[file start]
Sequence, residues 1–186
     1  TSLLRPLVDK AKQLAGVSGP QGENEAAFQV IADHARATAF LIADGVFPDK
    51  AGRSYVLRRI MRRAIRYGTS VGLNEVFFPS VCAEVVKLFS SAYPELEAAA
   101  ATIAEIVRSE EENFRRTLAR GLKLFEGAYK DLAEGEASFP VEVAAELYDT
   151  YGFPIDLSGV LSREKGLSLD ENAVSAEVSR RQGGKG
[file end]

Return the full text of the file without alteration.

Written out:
Sequence, residues 1–186
     1  TSLLRPLVDK AKQLAGVSGP QGENEAAFQV IADHARATAF LIADGVFPDK
    51  AGRSYVLRRI MRRAIRYGTS VGLNEVFFPS VCAEVVKLFS SAYPELEAAA
   101  ATIAEIVRSE EENFRRTLAR GLKLFEGAYK DLAEGEASFP VEVAAELYDT
   151  YGFPIDLSGV LSREKGLSLD ENAVSAEVSR RQGGKG